The Opéra-Théâtre de Metz was built in the mid-18th century. The theater was commissioned by Duke de Belle-Isle and designed by architect Jacques Oger in Tuscany-influenced neo-Classical style. The Duke de Belle-Isle called it the most beautiful opera-theater in France. The theater’s original purpose was to provide entertainment for the city’s wealthy residents, who would attend plays, operas, and ballets performed by some of the finest artists of the time. The theater originally had 1382 seats, but after restorations in 1981 and 1982, the seats in the theater had been reduced to 750. Nowadays, the theater features around sixty performances a year. Not so fun fact: during the French Revolution, the guillotine for the executions was erected on the square in front of the theater, Place de la Comédie.
Cathédrale de Metz
The cathedral was built on an ancient site from the 5th century dedicated to Saint Stephen. In the 10th century, a cathedral in Ottonian architecture was built on this site. The reconstruction of the cathedral in Gothic style started in the 13th century. Because the reconstructions took centuries, the cathedral’s design reflects the evolution of Gothic architecture over these centuries, with elements of both the High Gothic and Rayonnant Gothic styles present in its design. Despite the reconstructions, the cathedral was in a deplorable state in the early 19th century. When Metz was annexed to the German Empire after the Franco-Prussian War in 1871, Emperor Wilhelm I was particularly interested in rebuilding Cathédrale de Metz to win the support of the population. Both the exterior and interior of the cathedral were restored and reconstructed by German architects. At the end of World War I, Metz was returned to France.
The Metz Cathedral boasts a number of impressive features, including its towering nave, ornate stained glass windows, and intricate stone carvings. The cathedral’s stained glass windows are particularly renowned, with some of the windows dating back to the 13th century and others created in more recent times by famous artists such as Marc Chagall.
Opening hours of Cathédrale de Metz
Daily from 08:00 until 18:00
There’s no entrance fee.
Boat tour on the Moselle river
Taking a bout tour on the Moselle river is a great way to explore Metz from a different perspective and see some of its most beautiful sights. The Moselle River runs through the heart of Metz, offering stunning views of the city’s historic architecture, lush greenery, and vibrant waterfront. There are a few tour companies that offer sightseeing cruises in Metz, with options ranging from 1-hour trips to longer excursions, including food and drinks. Unfortunately, we didn’t do a boat tour in Metz as the weather wasn’t cooperating at all, so we can’t recommend a tour company. For more information about boat tours and tour companies, check out the website of the tourist office in Metz.
More things to do in Metz
If you have more time to spend in Metz than we had, consider the museums Centre Pompidou-Metz, Musée de la Cour d’Or and Jardin Botanique de Metz.
Centre Pompidou-Metz is a modern and contemporary art museum and is a branch of Pompidou arts center in Paris, featuring semi-permanent and temporary exhibitions from the large collection of the French National Museum of Modern Art. The museum was designed by the Japanese architect Shigeru Ban and built between 2006-2010. The building itself is an architectural masterpiece, with a unique roof design that resembles a Chinese hat. If you’re into modern arts, this museum is a must-visit.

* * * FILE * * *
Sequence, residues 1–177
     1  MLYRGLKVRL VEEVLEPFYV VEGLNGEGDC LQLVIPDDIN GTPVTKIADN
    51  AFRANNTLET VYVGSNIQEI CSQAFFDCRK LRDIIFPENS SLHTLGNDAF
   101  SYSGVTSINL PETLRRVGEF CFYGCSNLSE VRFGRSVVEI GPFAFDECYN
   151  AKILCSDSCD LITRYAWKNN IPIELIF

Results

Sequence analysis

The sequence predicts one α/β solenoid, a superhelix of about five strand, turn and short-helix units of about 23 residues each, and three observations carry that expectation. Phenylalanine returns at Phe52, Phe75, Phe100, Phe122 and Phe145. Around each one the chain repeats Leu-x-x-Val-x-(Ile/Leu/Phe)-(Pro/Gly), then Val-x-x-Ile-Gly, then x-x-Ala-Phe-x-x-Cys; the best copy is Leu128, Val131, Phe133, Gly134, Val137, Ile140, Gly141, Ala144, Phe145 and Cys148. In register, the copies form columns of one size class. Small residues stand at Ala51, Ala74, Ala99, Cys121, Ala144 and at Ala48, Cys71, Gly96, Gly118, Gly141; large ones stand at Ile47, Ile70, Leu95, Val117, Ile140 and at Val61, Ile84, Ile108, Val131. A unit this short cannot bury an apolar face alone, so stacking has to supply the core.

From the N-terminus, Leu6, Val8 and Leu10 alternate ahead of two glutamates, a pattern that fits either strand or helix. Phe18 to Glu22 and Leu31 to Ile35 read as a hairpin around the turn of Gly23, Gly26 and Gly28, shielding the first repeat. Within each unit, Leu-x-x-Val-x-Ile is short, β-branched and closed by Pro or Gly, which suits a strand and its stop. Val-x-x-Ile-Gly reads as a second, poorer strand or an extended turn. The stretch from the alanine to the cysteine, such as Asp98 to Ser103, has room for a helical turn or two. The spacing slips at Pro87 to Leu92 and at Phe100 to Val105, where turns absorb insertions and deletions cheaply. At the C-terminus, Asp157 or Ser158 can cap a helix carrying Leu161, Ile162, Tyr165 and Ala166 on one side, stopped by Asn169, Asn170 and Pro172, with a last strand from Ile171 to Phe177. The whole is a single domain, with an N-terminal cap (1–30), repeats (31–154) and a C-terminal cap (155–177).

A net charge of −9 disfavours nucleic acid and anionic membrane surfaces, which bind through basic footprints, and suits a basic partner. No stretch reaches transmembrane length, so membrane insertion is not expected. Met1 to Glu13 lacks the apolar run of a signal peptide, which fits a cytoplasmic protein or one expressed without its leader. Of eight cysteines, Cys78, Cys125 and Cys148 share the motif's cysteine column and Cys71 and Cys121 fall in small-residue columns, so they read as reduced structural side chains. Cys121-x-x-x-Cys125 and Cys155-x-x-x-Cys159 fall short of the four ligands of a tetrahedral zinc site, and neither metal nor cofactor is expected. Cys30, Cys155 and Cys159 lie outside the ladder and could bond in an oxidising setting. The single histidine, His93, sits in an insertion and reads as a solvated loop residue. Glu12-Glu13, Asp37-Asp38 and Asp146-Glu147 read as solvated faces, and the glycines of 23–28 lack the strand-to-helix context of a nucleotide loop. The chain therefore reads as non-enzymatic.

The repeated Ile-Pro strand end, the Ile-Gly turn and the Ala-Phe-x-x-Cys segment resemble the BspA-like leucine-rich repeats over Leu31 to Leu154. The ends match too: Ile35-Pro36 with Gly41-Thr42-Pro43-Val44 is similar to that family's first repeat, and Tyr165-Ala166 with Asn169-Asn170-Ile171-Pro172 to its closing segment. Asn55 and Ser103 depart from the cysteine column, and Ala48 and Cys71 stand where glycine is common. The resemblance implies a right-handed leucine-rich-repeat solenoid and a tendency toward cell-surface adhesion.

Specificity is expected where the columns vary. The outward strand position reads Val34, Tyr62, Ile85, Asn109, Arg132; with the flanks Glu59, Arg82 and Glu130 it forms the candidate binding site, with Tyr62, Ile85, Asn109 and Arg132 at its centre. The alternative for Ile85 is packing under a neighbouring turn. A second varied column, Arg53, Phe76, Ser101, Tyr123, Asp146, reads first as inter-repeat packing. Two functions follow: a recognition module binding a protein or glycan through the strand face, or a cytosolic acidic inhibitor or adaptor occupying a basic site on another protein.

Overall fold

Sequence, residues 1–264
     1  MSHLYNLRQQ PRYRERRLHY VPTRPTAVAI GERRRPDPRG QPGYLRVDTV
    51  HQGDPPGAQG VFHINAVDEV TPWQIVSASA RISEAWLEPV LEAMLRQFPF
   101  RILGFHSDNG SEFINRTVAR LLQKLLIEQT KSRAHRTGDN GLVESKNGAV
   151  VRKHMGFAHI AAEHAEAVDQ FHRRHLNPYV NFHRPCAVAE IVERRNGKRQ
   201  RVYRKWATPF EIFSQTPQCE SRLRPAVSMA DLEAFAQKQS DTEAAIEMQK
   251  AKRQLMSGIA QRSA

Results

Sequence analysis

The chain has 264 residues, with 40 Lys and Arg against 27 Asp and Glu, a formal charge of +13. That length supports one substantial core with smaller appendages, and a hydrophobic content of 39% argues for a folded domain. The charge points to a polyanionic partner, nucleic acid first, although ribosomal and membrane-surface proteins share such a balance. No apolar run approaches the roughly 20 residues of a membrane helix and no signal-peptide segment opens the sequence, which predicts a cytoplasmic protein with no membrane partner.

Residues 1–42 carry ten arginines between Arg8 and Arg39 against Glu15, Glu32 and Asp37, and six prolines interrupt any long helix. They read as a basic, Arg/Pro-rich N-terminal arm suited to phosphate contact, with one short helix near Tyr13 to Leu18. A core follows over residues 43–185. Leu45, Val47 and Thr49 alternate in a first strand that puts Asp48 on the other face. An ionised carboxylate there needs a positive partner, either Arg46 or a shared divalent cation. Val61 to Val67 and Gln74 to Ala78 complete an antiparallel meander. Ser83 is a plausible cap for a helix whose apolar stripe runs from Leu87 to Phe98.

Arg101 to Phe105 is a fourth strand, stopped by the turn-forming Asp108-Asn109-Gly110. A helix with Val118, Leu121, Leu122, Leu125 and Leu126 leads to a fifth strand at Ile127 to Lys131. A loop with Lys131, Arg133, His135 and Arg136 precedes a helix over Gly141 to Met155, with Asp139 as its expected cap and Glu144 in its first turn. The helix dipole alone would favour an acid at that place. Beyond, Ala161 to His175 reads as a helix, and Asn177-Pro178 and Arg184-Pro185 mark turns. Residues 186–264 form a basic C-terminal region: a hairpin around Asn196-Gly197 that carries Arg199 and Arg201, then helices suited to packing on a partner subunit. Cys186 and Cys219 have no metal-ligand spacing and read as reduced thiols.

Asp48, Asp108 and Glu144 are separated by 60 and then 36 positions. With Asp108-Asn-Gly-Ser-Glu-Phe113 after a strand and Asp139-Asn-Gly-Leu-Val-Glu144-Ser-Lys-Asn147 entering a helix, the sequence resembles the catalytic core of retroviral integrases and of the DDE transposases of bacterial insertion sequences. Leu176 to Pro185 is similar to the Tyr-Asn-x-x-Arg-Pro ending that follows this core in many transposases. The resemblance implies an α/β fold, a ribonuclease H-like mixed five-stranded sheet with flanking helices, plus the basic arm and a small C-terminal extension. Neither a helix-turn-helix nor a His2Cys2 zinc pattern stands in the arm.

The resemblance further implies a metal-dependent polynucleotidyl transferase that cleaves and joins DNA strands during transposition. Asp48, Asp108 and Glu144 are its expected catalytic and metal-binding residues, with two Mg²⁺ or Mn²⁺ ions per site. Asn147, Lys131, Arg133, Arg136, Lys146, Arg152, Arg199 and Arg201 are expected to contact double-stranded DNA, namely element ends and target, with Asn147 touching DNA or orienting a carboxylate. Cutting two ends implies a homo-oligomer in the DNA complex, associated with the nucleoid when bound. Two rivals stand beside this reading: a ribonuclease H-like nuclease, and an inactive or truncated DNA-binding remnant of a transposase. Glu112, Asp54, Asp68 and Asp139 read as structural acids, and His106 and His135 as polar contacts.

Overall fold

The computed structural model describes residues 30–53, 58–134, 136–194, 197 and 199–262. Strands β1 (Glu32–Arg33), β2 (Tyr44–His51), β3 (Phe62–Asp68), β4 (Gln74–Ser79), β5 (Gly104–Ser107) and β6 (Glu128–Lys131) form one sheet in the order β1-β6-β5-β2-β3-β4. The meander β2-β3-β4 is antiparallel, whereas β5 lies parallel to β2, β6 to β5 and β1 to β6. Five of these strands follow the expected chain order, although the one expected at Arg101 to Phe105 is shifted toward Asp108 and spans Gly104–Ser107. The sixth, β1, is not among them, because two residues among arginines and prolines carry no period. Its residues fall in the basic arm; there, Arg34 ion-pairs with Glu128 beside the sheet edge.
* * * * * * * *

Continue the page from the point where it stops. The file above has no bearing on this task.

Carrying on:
Opening hours of Centre Pompidou-Metz
November - March: Wednesday until Monday from 10:00 until 18:00
April - October: Monday, Wednesday & Thursday from 10:00 until 18:00 & Friday until Sunday from 10:00 until 19:00
Closed on Tuesdays and May 1st.
An entrance ticket is €14.
Jardin Botanique de Metz is a botanical garden that was established in 1866 and covers more than 4 hectares of land. The garden features a wide variety of plants and flowers, including greenhouses with around 4500 plants, such as orchids, cacti and palms, as well as a butterfly house and a bird aviary. Visitors can take a leisurely stroll through the garden, enjoying the beauty of nature and the peaceful atmosphere.
Opening hours of Jardin Botanique de Metz
Daily from 08:00 until dark
The greenhouses are open from 09:00 until 16:00 on weekdays and from 09:00 until 12:00 on weekends and public holidays.
There’s no entrance fee.
Musée de la Cour d’Or is a history museum that houses an extensive collection of archaeological and historical artifacts from the Roman era as well as medieval and renaissance art works. Beyond the archaeological and artwork pieces, the museum also showcases architectural pieces. There is a Roman spa complex, a Gothic granary, and even entire medieval rooms with painted wooden ceilings, facades and more. The museum offers a historical tour of reconstructed rooms, especially from medieval Metz. to the present day.
Opening hours of Musée de la Cour d’Or
Wednesday until Monday from 10:00 until 12:45 and from 14:00 until 18:00
Closed on Tuesdays, January 1st, Good Friday, May 1st, July 14th, November 1st and 11th and December 24th, 25th, 26th and 31st.
There’s no entrance fee.
Whether you’re looking to immerse yourself in the city’s fascinating history, explore its natural beauty, or simply relax and enjoy the local culture, Metz is sure to provide a memorable experience. So why not start planning your trip to Metz today? With so much to see and do, you’re sure to fall in love with this charming city.
Have you been to Metz or is it still on your travel bucket list? Let us know in the comments below!